UN Security Council holds session on sea level rise
15 February 2023
The UN Security Council held its first ever debate on the global implications of sea level rise. UN Secretary-General António Guterres cited WMO figures that the rate of sea level rise is accelerating. This will continue in future, with a major impact on the fabric of society.
Rising sea levels are a major threat to society
Rising seas pose “unthinkable” risks to billions around the world, with profound implications for the very fabric of societies, United Nations Secretary-General António Guterres told the Security Council’s first-ever debate about the global implications of sea level rise.
Noting that some nations’ coastlines have already seen triple the average rate of sea level rise, he warned that, in the coming decades, low-lying communities – and entire countries – could disappear forever.
“We would witness a mass exodus of entire populations on a biblical scale, and we would see ever-fiercer competition for fresh water, land and other resources,” he warned.
Describing sea level rise as a threat multiplier, the Secretary-General said the phenomenon also jeopardizes access to water, food and healthcare.
Meanwhile, saltwater intrusion can decimate jobs and entire economies in industries like agriculture, fisheries and tourism, and it can damage or destroy vital infrastructure, such as transportation systems, hospitals and schools.
“Global average sea levels have risen faster since 1900 than over any preceding century in the last 3,000 years. The global ocean has warmed faster over the past century than at any time in the past 11,000 years, » he said.
Sea level rise since 1993 based on satellite measurements
WMO State of Global Climate 2022 report
"Meanwhile, the WMO tells us that even if global heating is miraculously limited to 1.5 degrees, there will still be a sizeable sea level rise,” said Mr Guterres.
The rate of sea level rise has doubled since 1993. It has risen by nearly 10 mm since January 2020 to a new record high in 2022, according to WMO’s provisional State of the Global Climate in 2022 report. The past two and a half years alone account for 10 percent of the overall rise in sea level since satellite measurements started nearly 30 years ago.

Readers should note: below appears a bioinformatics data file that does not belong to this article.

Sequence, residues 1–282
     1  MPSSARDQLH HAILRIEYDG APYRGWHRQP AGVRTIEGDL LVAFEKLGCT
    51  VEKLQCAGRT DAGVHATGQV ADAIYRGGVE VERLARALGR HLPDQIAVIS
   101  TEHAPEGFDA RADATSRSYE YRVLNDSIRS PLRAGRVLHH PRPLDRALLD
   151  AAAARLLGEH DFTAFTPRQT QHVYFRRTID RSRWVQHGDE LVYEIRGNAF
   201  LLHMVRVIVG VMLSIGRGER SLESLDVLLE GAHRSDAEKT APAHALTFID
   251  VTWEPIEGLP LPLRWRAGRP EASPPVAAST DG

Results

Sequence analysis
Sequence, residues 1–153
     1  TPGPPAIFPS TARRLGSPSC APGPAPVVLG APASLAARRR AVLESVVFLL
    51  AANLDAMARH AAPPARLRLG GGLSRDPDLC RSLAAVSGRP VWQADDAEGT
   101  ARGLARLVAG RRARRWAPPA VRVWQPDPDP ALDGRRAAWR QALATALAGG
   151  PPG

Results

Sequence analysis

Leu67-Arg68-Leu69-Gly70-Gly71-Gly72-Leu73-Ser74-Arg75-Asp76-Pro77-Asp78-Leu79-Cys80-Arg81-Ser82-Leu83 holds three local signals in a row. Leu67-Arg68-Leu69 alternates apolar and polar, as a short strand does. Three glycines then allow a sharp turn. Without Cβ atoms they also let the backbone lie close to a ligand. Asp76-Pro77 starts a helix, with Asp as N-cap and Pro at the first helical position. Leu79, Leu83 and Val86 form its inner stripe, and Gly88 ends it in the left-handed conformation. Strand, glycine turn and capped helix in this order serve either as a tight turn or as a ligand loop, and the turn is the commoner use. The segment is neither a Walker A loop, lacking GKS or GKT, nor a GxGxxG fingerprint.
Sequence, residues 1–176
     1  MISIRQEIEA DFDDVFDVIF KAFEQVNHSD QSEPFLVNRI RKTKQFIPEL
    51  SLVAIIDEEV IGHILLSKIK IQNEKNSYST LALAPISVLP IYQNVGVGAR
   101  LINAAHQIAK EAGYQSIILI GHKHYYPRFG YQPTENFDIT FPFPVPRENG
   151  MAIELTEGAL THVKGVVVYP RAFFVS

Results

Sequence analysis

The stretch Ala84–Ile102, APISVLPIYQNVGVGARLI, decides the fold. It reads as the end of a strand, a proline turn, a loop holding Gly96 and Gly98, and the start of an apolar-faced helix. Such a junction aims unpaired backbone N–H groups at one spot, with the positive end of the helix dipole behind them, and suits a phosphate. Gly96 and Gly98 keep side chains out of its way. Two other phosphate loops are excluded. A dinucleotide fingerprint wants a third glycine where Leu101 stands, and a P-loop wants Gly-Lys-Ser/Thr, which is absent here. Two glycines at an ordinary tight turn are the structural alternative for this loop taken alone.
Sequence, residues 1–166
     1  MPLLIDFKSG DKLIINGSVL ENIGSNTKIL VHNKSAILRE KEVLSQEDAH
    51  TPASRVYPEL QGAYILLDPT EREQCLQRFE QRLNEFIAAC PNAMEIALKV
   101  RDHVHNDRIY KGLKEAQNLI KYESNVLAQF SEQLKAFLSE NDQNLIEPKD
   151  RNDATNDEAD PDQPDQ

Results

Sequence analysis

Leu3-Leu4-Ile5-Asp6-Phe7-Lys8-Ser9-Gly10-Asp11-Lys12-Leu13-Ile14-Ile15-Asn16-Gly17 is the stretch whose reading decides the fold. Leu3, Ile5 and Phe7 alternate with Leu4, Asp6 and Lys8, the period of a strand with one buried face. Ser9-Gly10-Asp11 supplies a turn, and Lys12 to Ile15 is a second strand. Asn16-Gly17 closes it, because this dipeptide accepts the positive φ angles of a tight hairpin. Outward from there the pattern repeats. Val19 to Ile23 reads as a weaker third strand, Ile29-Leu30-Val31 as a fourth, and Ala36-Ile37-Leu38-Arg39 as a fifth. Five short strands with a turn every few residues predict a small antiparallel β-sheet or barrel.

Although this is still measured in terms of millimetres per year, it adds up to half to one meter per century and that is a long-term and major threat to many millions of coastal dwellers and low-lying states.
Mr. Guterres warned the Security Council that, under any temperature rise scenario, countries from Bangladesh to China, India and the Netherlands will all be at risk. Mega-cities on every continent will face serious impacts. The danger is especially acute for some 900 million people living in coastal zones at low elevations –one out of every ten people on earth.
Csaba Kőrösi, the current President of the General Assembly, also addressed the Council, recalling that climate change – “the greatest challenge of our generation” – was the issue most raised by world leaders during the Assembly’s last high-level debate.
Citing projections that between 250 and 400 million people will likely need new homes in new locations in fewer than 80 years, he also warned of devastating impacts for the world’s “breadbaskets,” especially fertile deltas along the Nile, Mekong and other rivers.
“What is needed now – as ever – is the political will to act,” he said.